(1928 - 1987)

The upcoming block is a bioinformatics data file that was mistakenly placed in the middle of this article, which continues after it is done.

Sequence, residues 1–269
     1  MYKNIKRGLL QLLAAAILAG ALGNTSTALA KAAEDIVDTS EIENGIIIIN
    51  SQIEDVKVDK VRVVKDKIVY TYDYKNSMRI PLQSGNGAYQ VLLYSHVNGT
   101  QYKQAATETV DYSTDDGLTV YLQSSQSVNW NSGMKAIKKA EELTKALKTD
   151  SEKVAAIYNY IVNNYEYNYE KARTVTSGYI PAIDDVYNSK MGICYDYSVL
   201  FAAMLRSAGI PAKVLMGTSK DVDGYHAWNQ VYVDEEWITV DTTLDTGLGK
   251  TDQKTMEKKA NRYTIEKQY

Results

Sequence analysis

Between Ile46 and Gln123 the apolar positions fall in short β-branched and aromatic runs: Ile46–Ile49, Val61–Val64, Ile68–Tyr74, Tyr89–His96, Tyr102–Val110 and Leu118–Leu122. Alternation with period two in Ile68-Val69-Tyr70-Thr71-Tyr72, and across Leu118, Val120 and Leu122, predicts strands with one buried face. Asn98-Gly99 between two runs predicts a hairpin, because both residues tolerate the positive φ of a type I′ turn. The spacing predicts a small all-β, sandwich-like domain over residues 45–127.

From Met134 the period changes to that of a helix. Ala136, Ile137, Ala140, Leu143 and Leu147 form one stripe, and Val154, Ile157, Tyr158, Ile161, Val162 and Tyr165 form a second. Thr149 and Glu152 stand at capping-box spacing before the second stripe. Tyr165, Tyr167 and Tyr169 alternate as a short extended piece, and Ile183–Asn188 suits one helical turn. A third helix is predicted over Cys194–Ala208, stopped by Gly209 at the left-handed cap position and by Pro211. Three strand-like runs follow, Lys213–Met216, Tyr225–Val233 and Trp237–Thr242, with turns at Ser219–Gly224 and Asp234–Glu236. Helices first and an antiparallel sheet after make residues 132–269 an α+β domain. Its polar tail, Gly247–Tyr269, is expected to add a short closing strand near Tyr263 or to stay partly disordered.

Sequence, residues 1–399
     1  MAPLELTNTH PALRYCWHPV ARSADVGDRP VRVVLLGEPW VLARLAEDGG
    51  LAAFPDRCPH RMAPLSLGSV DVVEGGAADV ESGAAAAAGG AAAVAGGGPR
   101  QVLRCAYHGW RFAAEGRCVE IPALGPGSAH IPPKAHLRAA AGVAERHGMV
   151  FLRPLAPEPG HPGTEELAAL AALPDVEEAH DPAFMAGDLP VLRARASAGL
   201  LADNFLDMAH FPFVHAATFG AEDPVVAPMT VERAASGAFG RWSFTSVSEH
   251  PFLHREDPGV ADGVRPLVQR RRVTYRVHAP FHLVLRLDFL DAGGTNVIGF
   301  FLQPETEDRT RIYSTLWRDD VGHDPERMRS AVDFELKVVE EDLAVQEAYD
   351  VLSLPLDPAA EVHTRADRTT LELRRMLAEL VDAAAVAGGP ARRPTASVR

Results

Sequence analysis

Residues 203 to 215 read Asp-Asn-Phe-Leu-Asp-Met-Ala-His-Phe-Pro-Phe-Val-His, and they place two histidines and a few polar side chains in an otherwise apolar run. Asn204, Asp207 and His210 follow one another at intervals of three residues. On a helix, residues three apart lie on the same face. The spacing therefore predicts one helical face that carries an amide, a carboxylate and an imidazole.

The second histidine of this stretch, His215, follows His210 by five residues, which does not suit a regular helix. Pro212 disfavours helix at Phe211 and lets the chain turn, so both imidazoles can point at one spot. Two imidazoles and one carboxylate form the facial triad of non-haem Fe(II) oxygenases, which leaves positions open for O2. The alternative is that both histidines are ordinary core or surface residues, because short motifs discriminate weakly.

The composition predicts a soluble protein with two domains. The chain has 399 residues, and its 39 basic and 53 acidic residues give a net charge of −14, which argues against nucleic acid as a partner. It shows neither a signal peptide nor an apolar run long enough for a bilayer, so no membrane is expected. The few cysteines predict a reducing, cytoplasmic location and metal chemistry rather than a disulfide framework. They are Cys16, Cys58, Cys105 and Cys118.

With a degree in pictorial design, Andy Warhol moved to New York City in 1949 and by the late 1950s was earning $100,000 a year for his commercial illustrations. “I want to be a machine,” he declared in 1962, the same year he exhibited 200 Campbell’s Soup Cans and began making art in the Factory, a working space that became a social hub for artists, musicians, and drug addicts. “Now and then someone would accuse me of being evil,” the artist wrote, “of letting people destroy themselves while I watched, just so I could film and tape-record them. But I don’t think of myself as evil—just realistic.” Warhol’s silkscreen print Eight Elvises sold for $100 million in 2008.